Wednesday, January 6, 2010

Make a Difference - Part 2

The #2 food to add to your diet is whole grains.

Part of the reason I dislike the idea of the raw food diet is because it totally disregards the staple of mankind - baked bread. Biblically, you see the term 'bread' and 'food' used interchangeably. Some would argue that baking bread on a rock in the sunlight (dehydrating) is the way to go, but that is not historically the way bread is usually made.

Bread is filling, contains many minerals and vitamins, and the right kinds of grains provide complex carbohydrates and protein in a convenient and great-tasting package. It is also less expensive and a great choice for the majority of us who cannot afford to purchase tons of produce to make up the majority of our diets.

To Sprout or Not to Sprout... That is the Question

Do you soak grains or beans? How long are you supposed to soak them? Should you allow them to sprout? Are there dangers to eating too much sprouted food? Is it even worth the effort to sprout grains that are going to be baked? What about naturally fermented sourdough bread?

Soaking makes a lot of sense. Beans become more digestible when soaked, and soaking grains is a definate help to those with irritable stomach issues or difficulty with digestion. However, Nourishing Traditions says that eating unsoaked grains is bad because they contain phytic acid which is harmful. Sue Becker clears up this misunderstanding: when you eat bread containing phytic acid, it actually stimulates your small intestine to manufacture the enzyme phytase, which solves the problem since phytase will allow you to eat and digest phytic acid. When phytase activity is increased in the small intestine, mineral absorbtion is also increased! Phytic acid also protects the colon from cancer. It also releases Inositol (a B vitamin), Choline and Lecithin - all a part of keeping cholesterol at the proper level and reducing depression.

So I would recommend eating both soaked and unsoaked grains, but primarily unsoaked.

And what about fermentation:

The way I understand it, there are two kinds of fermentation:

Alcoholic (ethanol) fermentation: yeast and certain types of bacteria feed on sugar (like the fructose in grapes) and form ethanol and carbon dioxide. In wines, the alcohol is the desired ingredient, and the carbon dioxide is released. In bread, the baking process gets rid of the alcohol.

Lactic acid fermentation: certain bacteria (lactobaccili is one) and fungi turn sugar into lactic acid (think milk products). This sometimes further breaks down into carbon dioxide, but does not create alcohol.

So when you put whole grain flour into a jar with an equal amount of water, let it sit on the counter for a few days, the bubbling that occurs is ethanol fermentation acting on the carbohydrates. When you bake bread using that as a starter, the result is 'Sourdough' because the sugars have been pre-digested. You also do not have to use yeast, because the natural yeast will cause your bread to rise. Fermentation (and I believe sprouting as well) increases the enzyme content of food, but since enzymes are destroyed in the baking process, the most benefit is seen when you eat raw sprouts and raw yogurt from lacto-fermentation.

Again, I love the taste of sourdough, and variety in your diet is always good. But it is not the first and only option in the art of breadmaking.


Buy whole grains from a co-op dedicated to acquiring non GMO products from local producers. You avoid a lot of the plastic packaging and waste that happens when you buy supermarket fare, and save a lot of money in the process.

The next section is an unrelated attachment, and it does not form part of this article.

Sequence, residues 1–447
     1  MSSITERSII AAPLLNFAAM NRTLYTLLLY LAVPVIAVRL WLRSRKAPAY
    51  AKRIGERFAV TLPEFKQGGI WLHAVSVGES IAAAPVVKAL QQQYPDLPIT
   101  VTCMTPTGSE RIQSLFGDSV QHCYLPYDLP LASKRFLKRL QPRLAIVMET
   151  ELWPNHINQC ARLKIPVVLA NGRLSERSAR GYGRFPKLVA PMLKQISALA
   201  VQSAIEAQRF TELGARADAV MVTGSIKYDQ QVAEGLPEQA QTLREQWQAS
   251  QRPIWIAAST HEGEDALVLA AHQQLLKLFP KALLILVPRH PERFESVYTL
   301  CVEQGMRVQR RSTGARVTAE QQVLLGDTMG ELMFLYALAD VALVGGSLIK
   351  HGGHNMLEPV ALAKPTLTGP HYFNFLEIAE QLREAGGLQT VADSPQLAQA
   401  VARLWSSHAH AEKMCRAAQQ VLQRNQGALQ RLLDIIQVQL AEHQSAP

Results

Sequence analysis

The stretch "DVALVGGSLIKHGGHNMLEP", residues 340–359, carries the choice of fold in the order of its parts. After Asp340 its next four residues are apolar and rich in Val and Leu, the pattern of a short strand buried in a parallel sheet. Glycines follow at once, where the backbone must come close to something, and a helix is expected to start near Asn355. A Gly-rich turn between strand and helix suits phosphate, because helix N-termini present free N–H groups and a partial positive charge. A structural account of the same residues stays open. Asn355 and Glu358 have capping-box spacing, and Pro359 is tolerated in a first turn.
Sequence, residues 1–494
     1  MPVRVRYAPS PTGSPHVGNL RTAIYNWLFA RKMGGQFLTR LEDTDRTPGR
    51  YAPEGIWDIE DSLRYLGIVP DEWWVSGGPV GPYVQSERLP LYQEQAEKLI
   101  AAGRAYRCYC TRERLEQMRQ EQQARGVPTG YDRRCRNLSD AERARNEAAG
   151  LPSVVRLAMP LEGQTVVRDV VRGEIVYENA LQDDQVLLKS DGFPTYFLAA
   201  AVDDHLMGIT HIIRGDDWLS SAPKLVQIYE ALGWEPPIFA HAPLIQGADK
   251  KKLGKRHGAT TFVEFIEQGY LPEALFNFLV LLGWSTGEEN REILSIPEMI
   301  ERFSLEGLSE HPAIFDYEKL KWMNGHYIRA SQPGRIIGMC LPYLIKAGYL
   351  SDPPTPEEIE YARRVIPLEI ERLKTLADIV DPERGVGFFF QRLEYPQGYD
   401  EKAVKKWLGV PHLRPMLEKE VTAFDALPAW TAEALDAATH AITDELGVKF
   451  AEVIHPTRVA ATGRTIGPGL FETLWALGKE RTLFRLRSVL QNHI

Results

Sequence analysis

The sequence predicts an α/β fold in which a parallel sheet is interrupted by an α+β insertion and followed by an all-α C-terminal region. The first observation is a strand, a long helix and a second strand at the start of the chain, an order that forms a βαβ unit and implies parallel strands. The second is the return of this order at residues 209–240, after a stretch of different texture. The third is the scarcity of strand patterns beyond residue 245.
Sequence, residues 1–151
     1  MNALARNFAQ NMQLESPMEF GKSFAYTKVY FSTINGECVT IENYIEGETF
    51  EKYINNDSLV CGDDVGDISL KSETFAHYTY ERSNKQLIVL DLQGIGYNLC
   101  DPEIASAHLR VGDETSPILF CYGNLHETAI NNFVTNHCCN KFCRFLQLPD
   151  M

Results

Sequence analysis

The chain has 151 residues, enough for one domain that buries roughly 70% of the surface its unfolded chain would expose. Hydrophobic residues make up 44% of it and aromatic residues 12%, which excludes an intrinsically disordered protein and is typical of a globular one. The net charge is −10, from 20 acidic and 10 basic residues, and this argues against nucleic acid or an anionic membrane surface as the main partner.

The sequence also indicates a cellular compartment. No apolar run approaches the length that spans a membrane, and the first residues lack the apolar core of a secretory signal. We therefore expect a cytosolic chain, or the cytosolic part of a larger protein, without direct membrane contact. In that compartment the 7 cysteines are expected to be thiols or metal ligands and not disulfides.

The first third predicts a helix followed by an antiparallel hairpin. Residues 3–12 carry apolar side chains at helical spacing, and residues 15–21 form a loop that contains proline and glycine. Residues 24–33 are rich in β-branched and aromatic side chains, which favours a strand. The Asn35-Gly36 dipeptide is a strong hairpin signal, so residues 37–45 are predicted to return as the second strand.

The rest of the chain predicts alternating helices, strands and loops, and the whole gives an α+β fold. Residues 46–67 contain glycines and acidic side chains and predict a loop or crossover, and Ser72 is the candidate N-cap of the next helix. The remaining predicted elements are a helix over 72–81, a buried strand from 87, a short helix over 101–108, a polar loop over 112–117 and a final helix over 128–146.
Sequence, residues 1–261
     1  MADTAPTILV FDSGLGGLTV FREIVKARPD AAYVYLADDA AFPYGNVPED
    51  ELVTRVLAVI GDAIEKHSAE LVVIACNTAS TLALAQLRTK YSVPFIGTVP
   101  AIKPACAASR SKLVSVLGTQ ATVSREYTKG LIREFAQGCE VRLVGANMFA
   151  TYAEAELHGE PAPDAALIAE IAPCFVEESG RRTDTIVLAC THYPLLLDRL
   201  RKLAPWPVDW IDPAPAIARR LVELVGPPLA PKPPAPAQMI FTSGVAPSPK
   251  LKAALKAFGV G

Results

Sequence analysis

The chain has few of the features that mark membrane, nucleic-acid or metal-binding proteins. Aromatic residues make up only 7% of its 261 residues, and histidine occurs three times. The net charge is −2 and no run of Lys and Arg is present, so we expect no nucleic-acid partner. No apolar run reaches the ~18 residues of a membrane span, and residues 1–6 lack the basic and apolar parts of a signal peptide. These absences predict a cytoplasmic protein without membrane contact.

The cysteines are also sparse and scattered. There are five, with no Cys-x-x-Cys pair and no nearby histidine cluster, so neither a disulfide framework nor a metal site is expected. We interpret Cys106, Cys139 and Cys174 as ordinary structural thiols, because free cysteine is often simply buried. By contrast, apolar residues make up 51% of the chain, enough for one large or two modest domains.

Have an 1/8th acre or so lying around? Grow your own! This is so worth it if you develop superior soil. Information on how to do this is found in the book, 'Nourishment Home Grown' by A. F. Beddoe.

My list of grains for bread-making in order of preference (taste, performance and nutritional value):

1. Spelt (great taste and nutrition, as it is the ancestor of wheat)

2. Hard White Wheat (good taste, not as good nutritional value)

3. Kamut (I have not used this too much, as it is expensive, but very good for you)

4. Hard Red Wheat (makes a dense bread, and the flavor is not as good, but is higher in protein)

For rolls, pastries, pie crusts, cookies, etc. use Soft White Wheat (any of the above work as well, but the soft white wheat is a good transition grain for your family as it's color and texture are light).


Get a grain mill. I have been pleased for the most part with my Nutrimill, but the motor and electric parts require a professional to service it when any problem occurs, so I would love to have a manual grain mill (stone-ground) someday. Don't have enough money for a mill? See if a friend would let you use theirs, or perhaps your local health-food distributer has a source, or buy a used one, or use your blender (this produces course flour, but when you are just starting out, may be a good choice).


Flour is almost completely rancid and worthless within 24 hours of milling. This means you are paying for something that may be harmful, not helpful. The one exception to this is oats - I would recommend buying a big bag of thick rolled oats and freezing them in ziplock bags. If you do not have room, store in a cool pantry, and focus more on your other grains. Brown and wild rice needs to be stored in the freezer.


Get those tasty whole grains into your family's diet in every way possible. It's amazing how many options there are!

* Oatmeal (soak for a day in the crockpot with a couple T. of whey, then cook overnight with a bit of salt and butter. Serve the next morning with raw milk, raisins, nuts, coconut, cinnamon, and raw honey)

* Granola - combine 10 C. rolled oats, 1 C. wheat germ or oat bran (I don't advocate separating germ/bran from the whole grain, but adding a bit extra into the diet won't hurt), 2 C. dried shredded coconut, 2 C. sunflower seeds, 1 C. sesame seeds, 3 C. chopped nuts, and flax seeds in a large bowl. Heat 1 1/2 C. honey/maple syrup/agave (a mixture is good), 1/2 C. blackstrap molasses, 1 1/2 C. water, 1 1/2 C. olive/coconut oil, 1 1/2 tsp. salt, 2 tsp. cinnamon, 1 T. each real vanilla and orange extract in a saucepan over low heat until dissolved and well-combined. Mix wet and dry ingredients together, and spread granola on trays in your dehydrator. Once completely dry, store in bags in the freezer what you will not use right away.